Green horse and Western Pleasure
 
 

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Green horse and Western Pleasure

This is a discussion on Green horse and Western Pleasure within the Western Pleasure forums, part of the Western Riding category
  • Green western pleasure
  • Description of green horse pleasure

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  • 1 Post By oh vair oh
  • 2 Post By Cynical25
  • 2 Post By beau159

 
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    03-17-2014, 01:37 PM
  #1
Foal
Green horse and Western Pleasure

I've been riding a fairly green Arabian mare- just tuning her up and trying to finish her basic training. But I'm registering her for a small local show in order to introduce her to Western Pleasure. As I personally have never ridden western Pleasure, I have a few questions!! How can I help her to frame up without putting too much pressure on her face? If I were to use training forks to encourage proper head carriage, how should I do so? And how do I come into the show knowing that I will be judged by someone biased against Arabians?
     
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    03-17-2014, 02:22 PM
  #2
Started
I don't know what's the norm for arabians, but I think you have your perspective of "collection" skewed a bit. Collection comes from the body, and the way the body holds itself together. Not from holding the face back or putting the head in a certain position. That pretty much will solve both your problems, haha. The head will be in the right position when the body is in the right position. Otherwise, the horse can learn to put his head can be in the "right" position but the body can still be strung out and uncollected. Work from back to front.
GotaDunQH likes this.
     
    03-17-2014, 02:49 PM
  #3
Foal
That's what I meant by framing up. As I said, I am new to it so I would appreciate pointers on the best way to frame up the horse. I am aware that I need to work from body to head carriage but I am curious on how training forks have worked for other people too.
     
    03-17-2014, 02:53 PM
  #4
Foal
And I agree with you. Some people have suggested using forks but I wasn't sure about the idea since I really don't want to put too much pressure on my horse's face unless it's necessary. But I do need to find a way to get her to tip her nose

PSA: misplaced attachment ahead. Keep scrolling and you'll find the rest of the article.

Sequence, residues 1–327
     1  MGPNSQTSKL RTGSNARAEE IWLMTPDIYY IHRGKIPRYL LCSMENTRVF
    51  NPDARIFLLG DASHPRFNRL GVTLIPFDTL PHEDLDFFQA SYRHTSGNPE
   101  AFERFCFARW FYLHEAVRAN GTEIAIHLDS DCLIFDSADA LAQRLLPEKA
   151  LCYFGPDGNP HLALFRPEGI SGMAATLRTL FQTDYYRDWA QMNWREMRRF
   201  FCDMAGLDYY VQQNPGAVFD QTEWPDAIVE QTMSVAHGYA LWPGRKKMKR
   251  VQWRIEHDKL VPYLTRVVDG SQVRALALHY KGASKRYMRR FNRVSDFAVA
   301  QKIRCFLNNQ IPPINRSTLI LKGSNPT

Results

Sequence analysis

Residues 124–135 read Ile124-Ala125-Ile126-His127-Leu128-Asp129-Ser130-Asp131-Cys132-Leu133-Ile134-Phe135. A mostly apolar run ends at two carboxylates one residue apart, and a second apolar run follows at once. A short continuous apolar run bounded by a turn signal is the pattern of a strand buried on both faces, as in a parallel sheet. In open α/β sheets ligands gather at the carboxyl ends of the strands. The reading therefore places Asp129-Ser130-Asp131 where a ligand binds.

03-17-2014, 04:39 PM
  #5
Started
Absolutely agree with Oh vair oh. Your best bet is to find a trainer to help you out here - your horse needs to be taught to move properly so she can naturally put herself in frame. We can't teach you how to do that over the internet, unfortunately.

I assume "tip her nose" is referring to what is more often called "softening" or "giving" to the bit. You can likely Youtube some DIY videos on that topic, but unless the body is properly positioned, you will not have the whole package for the show ring - a headset does not equal collection/frame.

Training forks are not designed to create a headset, nor to keep a head down or tucked, they are meant to prevent a horse from raising his head so high he evades the bit. When used correctly, it will have no pressure on the horse at all while the horse is working normally, it's just there as a preventative measure.
beau159 and GotaDunQH like this.
     
    03-17-2014, 04:52 PM
  #6
Green Broke
Quote:
Originally Posted by Lazulie Belle    
I personally have never ridden western Pleasure
Take lessons with a trainer.

Getting a horse properly collected for their event (Ex: Arabian western pleasure will look different from Quarter Horse western pleasure) takes seat and legs moreso than rein. And timing is so very important. If you release pressure too late or too soon, you've taught your horse nothing and/or bad habits.

We cannot teach you timing and feel over the internet. You need someone in-person giving you instant feedback on what you are doing wrong or what you are doing right.
GotaDunQH and Lazulie Belle like this.
     
    03-17-2014, 10:31 PM
  #7
Foal
Okay so in a sense, forks are similar to tie downs. And beau159, that's exactly what I'm afraid of- bad habits! Thank you all for your input
     
    03-18-2014, 02:27 PM
  #8
Started
They are usually not used on green horses for their tendency to draw the horse down onto the forehand.
     

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